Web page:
Quid pro quo

Luke 16:1-13

16Then Jesus said to the disciples, “There was a rich man who had a manager, and charges were brought to him that this man was squandering his property. 2So he summoned him and said to him, ‘What is this that I hear about you? Give me an accounting of your management, because you cannot be my manager any longer.’ 3Then the manager said to himself, ‘What will I do, now that my master is taking the position away from me? I am not strong enough to dig, and I am ashamed to beg. 4I have decided what to do so that, when I am dismissed as manager, people may welcome me into their homes.’ 5So, summoning his master’s debtors one by one, he asked the first, ‘How much do you owe my master?’ 6He answered, ‘A hundred jugs of olive oil.’ He said to him, ‘Take your bill, sit down quickly, and make it fifty.’ 7Then he asked another, ‘And how much do you owe?’ He replied, ‘A hundred containers of wheat.’ He said to him, ‘Take your bill and make it eighty.’ 8And his master commended the dishonest manager because he had acted shrewdly; for the children of this age are more shrewd in dealing with their own generation than are the children of light. 9And I tell you, make friends for yourselves by means of dishonest wealth so that when it is gone, they may welcome you into the eternal homes. 10“Whoever is faithful in a very little is faithful also in much; and whoever is dishonest in a very little is dishonest also in much. 11If then you have not been faithful with the dishonest wealth, who will entrust to you the true riches? 12And if you have not been faithful with what belongs to another, who will give you what is your own? 13No slave can serve two masters; for a slave will either hate the one and love the other, or be devoted to the one and despise the other. You cannot serve God and wealth.”

            This is one of the most difficult parables in the Bible for me to interpret.  I often enjoy looking at scriptures, especially parables, and looking for new ways to look at these passages.  I like to try to find fresh ways to apply the timeless scriptures to our lives in the 21st century.  That being said, I feel that I should tell you that I did not enjoy looking at this one.  I did not enjoy looking at it because every way I tried to look at this passage made problems for me as I tried to work through it.  I tried and I tried, but there just isn’t a good way to look at this that doesn’t leave a lot of questions unanswered.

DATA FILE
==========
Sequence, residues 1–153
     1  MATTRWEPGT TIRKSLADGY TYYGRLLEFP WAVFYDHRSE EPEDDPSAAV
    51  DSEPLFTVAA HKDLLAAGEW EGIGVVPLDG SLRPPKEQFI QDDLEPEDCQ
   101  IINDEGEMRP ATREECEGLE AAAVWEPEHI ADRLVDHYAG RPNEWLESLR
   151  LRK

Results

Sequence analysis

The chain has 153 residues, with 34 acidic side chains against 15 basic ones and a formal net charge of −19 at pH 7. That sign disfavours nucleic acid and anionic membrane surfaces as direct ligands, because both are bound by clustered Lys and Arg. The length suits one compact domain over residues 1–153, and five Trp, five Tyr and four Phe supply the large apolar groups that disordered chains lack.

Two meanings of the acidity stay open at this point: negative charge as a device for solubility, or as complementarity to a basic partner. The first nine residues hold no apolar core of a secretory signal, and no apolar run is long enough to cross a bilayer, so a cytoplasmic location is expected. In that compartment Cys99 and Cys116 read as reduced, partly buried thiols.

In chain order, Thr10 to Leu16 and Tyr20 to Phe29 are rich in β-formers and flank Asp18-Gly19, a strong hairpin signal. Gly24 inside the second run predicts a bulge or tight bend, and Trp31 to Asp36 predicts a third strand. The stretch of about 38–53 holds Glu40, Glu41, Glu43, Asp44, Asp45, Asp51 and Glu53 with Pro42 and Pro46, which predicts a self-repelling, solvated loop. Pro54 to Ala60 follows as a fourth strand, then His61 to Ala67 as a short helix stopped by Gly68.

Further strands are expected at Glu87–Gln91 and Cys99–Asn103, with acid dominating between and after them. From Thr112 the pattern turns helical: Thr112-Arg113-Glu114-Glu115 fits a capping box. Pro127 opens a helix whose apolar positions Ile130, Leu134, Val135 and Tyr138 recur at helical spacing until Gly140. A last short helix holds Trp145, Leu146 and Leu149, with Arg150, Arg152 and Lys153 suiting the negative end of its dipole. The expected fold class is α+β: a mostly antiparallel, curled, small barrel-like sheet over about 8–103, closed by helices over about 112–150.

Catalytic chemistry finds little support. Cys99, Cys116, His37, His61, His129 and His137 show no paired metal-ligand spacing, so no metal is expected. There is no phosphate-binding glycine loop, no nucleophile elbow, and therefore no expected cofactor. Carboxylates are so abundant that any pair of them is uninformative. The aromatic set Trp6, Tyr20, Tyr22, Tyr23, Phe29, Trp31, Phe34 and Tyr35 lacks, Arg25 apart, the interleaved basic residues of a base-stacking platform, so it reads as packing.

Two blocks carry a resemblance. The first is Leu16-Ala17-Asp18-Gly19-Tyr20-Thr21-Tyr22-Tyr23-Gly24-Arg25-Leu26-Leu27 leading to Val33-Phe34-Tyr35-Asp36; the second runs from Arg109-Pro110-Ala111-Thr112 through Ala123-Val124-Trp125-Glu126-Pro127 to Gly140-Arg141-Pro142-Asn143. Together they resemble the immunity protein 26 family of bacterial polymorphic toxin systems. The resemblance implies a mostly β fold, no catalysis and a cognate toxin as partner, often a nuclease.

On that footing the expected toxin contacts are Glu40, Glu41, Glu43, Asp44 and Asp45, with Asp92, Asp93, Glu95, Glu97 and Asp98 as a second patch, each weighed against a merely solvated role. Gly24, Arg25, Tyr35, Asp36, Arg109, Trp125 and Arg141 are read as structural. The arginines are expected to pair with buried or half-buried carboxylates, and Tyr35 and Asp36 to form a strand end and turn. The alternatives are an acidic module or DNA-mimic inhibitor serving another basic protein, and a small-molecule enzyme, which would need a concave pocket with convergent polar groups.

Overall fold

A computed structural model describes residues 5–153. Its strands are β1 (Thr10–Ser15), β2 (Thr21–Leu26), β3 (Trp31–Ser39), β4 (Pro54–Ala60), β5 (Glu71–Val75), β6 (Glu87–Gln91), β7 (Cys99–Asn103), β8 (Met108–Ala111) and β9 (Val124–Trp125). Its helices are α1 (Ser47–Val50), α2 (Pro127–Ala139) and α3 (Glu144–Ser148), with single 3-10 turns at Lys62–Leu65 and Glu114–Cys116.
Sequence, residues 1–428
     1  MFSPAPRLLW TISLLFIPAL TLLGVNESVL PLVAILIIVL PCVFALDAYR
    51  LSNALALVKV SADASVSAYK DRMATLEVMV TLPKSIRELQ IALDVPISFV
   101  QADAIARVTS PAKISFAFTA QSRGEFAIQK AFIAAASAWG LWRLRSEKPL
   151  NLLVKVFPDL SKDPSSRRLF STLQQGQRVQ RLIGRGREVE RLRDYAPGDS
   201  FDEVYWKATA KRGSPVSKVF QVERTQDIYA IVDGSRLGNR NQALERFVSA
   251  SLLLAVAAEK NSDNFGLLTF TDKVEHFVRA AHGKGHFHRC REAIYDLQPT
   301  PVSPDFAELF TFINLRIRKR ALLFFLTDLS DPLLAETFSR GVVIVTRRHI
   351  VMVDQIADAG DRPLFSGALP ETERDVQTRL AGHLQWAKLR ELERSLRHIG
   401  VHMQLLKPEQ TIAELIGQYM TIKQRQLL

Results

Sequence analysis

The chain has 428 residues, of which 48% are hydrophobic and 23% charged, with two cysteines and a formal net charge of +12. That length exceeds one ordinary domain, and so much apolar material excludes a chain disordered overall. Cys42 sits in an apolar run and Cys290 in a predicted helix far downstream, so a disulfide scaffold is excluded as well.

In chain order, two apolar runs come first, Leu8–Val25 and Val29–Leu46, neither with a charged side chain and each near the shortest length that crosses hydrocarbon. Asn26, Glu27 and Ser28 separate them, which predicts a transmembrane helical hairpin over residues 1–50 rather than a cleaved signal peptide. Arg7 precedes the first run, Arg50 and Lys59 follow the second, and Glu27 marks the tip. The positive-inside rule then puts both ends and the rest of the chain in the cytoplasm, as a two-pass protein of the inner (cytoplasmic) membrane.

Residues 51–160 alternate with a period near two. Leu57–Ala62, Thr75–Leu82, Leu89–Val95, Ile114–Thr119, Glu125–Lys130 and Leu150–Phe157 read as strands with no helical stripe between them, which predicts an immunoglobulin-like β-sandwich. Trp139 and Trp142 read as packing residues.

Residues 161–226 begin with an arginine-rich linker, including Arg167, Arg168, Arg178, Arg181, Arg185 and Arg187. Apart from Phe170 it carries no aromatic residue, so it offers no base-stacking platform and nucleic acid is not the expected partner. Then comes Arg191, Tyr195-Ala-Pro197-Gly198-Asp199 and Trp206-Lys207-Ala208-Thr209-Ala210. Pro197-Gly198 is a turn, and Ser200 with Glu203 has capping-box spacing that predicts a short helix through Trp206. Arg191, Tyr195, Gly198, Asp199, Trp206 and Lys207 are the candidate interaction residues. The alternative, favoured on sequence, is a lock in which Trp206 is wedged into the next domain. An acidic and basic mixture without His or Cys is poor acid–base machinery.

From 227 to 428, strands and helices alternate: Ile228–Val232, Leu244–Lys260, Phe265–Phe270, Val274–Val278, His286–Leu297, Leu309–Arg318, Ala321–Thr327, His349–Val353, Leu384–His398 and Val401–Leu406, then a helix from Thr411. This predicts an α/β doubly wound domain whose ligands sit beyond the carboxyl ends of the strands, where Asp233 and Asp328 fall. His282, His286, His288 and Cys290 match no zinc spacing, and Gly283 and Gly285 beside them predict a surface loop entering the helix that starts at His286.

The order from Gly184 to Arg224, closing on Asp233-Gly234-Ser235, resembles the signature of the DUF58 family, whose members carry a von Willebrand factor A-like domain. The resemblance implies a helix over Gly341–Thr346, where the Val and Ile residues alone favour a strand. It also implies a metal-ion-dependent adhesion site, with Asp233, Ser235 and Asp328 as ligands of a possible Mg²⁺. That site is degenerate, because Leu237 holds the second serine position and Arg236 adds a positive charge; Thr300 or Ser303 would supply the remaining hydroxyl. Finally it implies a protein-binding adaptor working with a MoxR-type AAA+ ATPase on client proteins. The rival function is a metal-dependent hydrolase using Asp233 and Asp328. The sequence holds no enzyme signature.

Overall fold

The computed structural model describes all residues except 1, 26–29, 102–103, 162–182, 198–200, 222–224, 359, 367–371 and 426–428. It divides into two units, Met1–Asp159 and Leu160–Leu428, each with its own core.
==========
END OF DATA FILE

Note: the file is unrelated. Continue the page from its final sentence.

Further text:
But in my studies, as I read through a number of different commentaries, I found a statement that helped me more than anything else.  Walter Brueggemann, who is actually an Old Testament scholar, said this, “The parable of Luke is exceedingly difficult, as we cannot be sure of its meaning.”  If Walter Brueggemann, a retired Seminary professor and dean with at least two doctorate degrees, says that this parable is exceedingly difficult and we can’t be sure of its meaning, maybe I shouldn’t beat myself up over struggling with this parable!  So what I would like to do today is to look at a couple different possibilities and hopefully we can shed some light on a difficult passage that is usually just skipped over by most people.

            Our scripture finds Jesus talking with his disciples and he begins to tell them about a rich land owner.  The land owner is an absentee land owner, which would have been common in Jesus’ day.  He may have lived in a nearby town, or maybe he just didn’t really want to be involved in the daily business transactions involved with the property.  So this man had hired a person to manage his property and his finances.  But the rich man found out that the manager was “squandering” his property.

            The word that is translated here as squandering is the same word that is used to describe how the Prodigal Son had burnt through the inheritance money that he got from his father.  So there is this connotation to the word that not only did the manager lose and mismanage the money, he likely was spending excessive amounts of money on things that the land owner would not approve of.  He was buying stuff for his own pleasure with money that really belonged to the land owner.